Tourism in Denmark is a growing industry and a major economic contributor: tourists spent a total of DKK 128 billion and the tourism industry employed 161,999 people in full time positions in 2017.
In 2018, tourists from Denmark's neighboring countries, Germany, Norway, and Sweden, comprised the majority of foreign tourists. That year also saw 30 million international arrivals. The number of overnight visitors has been slightly increasing since 2014; in 2018, 16.6 million tourists stayed overnight.
Denmark has long stretches of sandy beaches, attracting many tourists in the summer, with Germany accounting for most foreign visitors. Swedish and Norwegian tourists often come to visit the relatively lively city of Copenhagen, while many young Scandinavians come for Denmark's comparably cheap and readily accessible beer, wines and spirits.
As Europe's oldest kingdom and the home of Hans Christian Andersen, Denmark is often marketed as a "fairytale country". The term is so ingrained, that it is still used in international news reports, especially when the news is of a nature contradicting the image, such as the Copenhagen riots or the Jyllands-Posten Muhammad cartoons controversy.
Denmark has a relatively large outbound tourism, with Spain as primary destination, accounting for 14% of all overnight stays abroad of four days or more in 2013. Turkey ranks as the primary destination outside of Europe at 7%.
In 2004, Copenhagen Region had 136 hotels with a total of 4.9 million nights spent.
In 2018, Copenhagen recorded 9 million overnight stays. In 2019, Copenhagen Port had 348 cruise calls and 940,000 cruise guests.
Among the major tourist attractions are Tivoli Gardens, the Freetown Christiania and The Little Mermaid statue, all located in Copenhagen. A survey conducted by the newspaper Berlingske Tidende in July 2008 listed The Little Mermaid as the most popular tourist attraction in Copenhagen.
Kronborg Castle in Helsingør is famous for its associations with Shakespeare's Hamlet. The Louisiana Museum of Modern Art 30 km north of Copenhagen is the most visited museum in Denmark, and Roskilde Festival near Roskilde 30 km west of Copenhagen attracts over 100,000 guests every year.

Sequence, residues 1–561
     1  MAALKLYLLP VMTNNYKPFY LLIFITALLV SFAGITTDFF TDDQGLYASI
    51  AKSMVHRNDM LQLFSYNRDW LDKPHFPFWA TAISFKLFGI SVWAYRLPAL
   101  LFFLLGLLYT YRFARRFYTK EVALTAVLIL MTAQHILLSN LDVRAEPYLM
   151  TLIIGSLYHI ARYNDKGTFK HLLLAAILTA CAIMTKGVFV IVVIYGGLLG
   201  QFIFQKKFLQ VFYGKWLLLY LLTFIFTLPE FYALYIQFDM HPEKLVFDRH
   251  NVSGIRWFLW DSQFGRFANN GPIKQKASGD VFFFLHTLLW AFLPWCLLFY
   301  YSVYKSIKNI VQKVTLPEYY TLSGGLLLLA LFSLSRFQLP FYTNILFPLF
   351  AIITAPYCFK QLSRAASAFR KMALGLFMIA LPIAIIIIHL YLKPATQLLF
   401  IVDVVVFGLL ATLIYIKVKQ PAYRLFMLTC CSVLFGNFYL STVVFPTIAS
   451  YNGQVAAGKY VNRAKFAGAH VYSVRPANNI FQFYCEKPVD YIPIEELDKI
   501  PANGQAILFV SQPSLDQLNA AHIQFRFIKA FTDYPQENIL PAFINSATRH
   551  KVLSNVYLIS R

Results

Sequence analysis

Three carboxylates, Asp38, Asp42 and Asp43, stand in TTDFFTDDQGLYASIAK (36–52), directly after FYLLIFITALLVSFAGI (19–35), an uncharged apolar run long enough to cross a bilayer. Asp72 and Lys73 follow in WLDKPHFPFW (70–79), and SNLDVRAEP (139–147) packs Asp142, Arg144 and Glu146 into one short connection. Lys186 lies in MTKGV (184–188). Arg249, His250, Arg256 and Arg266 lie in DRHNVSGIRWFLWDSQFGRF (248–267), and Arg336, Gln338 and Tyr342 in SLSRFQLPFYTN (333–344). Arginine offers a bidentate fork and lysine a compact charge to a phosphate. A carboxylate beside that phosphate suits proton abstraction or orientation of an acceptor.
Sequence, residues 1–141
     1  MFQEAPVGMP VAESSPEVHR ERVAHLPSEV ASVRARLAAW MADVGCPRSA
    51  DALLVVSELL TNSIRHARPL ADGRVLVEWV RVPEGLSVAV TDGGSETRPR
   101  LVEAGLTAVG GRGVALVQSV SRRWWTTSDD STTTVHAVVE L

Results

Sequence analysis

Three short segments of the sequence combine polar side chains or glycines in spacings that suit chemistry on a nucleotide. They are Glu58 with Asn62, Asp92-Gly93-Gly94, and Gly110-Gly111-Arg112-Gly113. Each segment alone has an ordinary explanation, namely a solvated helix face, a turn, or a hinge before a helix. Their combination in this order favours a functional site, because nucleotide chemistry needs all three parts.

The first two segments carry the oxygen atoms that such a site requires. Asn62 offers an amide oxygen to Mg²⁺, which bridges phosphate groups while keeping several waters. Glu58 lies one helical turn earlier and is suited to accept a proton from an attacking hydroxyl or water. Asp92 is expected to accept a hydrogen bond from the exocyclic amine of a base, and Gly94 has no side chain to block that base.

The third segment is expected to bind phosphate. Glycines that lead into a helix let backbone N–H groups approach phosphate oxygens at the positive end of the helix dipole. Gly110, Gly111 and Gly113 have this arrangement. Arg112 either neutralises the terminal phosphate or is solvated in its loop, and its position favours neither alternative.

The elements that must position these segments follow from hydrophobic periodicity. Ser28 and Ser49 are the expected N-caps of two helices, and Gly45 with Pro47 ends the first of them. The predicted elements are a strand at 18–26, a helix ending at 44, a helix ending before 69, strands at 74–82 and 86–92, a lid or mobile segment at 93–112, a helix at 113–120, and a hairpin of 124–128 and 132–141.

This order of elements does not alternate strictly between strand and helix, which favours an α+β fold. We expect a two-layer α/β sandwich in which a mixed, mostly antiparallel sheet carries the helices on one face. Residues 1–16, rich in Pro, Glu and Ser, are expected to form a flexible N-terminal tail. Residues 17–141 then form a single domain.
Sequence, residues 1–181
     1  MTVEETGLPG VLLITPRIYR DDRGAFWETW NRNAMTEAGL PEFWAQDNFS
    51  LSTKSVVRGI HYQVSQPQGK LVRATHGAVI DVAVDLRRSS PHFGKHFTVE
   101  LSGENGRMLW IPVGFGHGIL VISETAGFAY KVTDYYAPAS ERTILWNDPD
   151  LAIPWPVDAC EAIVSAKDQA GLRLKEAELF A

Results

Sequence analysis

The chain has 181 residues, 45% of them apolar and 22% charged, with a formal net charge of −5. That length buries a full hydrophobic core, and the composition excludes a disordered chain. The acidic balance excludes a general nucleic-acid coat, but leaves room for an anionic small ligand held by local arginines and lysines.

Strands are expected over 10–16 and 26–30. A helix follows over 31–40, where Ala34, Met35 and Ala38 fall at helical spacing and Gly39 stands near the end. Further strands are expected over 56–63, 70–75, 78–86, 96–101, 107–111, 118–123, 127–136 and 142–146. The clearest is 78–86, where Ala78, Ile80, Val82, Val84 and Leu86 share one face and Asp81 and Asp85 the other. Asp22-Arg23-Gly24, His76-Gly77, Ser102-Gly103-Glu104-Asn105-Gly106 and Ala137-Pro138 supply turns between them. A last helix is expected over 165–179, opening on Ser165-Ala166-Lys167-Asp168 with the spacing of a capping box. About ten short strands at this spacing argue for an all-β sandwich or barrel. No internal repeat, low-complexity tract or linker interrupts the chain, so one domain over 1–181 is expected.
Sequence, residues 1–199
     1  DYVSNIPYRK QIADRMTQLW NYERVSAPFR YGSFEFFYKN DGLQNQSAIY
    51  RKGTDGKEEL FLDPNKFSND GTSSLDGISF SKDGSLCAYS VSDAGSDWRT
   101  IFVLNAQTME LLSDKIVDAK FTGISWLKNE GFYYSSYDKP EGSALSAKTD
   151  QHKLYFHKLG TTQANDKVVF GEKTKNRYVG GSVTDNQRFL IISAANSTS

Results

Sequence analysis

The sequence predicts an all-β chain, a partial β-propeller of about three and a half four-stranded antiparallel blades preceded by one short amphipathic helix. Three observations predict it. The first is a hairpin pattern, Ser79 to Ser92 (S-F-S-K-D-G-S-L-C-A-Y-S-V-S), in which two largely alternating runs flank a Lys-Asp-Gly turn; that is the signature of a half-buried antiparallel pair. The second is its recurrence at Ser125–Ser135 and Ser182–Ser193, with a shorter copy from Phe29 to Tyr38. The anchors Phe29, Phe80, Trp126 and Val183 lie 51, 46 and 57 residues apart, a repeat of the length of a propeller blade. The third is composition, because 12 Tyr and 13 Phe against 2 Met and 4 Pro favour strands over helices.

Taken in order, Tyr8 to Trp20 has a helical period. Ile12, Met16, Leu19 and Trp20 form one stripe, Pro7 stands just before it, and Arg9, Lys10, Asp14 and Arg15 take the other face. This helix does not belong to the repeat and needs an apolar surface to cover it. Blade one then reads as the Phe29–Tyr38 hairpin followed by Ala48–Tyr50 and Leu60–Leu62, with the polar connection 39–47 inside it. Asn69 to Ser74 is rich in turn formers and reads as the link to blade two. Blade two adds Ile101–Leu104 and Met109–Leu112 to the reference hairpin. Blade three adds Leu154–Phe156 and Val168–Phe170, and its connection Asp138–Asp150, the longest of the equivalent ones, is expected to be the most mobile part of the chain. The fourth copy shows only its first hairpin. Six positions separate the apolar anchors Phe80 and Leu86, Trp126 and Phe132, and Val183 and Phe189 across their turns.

In view of its proximity to Germany, one of the most popular areas of Denmark for visitors is the South of Zealand and the neighbouring islands. Møn, with its magnificent chalk cliffs, Liselund Park and its sandy beaches is one of the main destinations. Falster has a number of sandy beaches including those at Marielyst. The area also has several tourist attractions including Knuthenborg Safari Park and Middelaldercentret both on Lolland, BonBon-Land near Næstved and the GeoCenter at Møns Klint.
The island of Bornholm in the Baltic Sea to the south of Sweden has a number of tourist attractions, including rocky seascapes, sandy beaches and fishing villages. Among these towns are Gudhjem, Sandvig, Svaneke and Rønne. The ruin of Europe's largest castle, Hammershus, is the island's most famous monument. There are ferry services to Bornholm from Køge near Copenhagen, from Ystad in the south of Sweden, from Rügen in the north east of Germany and from Kołobrzeg and Świnoujście in the north west of Poland. There is also an airport at Rønne.
Funen, linked to Zealand by the Great Belt Bridge, has strong associations with Hans Christian Andersen who was born in Odense. The small coastal towns of Fåborg and Svendborg are popular with tourists both as attractions in their own right and as centres for visiting the surroundings, particularly the castles of Egeskov and Hvedholm and the unspoiled islands of Thurø, Tåsinge and Ærø with their narrow streets and thatched cottages.
The cities of Aalborg, in the north, and Aarhus, in the east, attract a considerable number of visitors, whether for business or pleasure.
Aalborg's 14th century Budolfi Church, 17th century Aalborghus Castle and the Jomfru Ane Gade (a lively old street close to the city centre) are major attractions.
Aarhus is amongst the top 100 conference cities of the World and has seen a large expansion of the hotel business, throughout the last couple of decades. The city is home to several of Denmark's top tourist attractions, including the museum village of Den Gamle By (the Old Town), ARoS Art Museum, Moesgård Museum and Tivoli Friheden accounting for more than 1.4 million visitors annually. Other important tourist attractions are music festivals and shopping facilities. With one of the largest ports in Northern Europe, more than a dozen international cruise ships docks in Aarhus each year.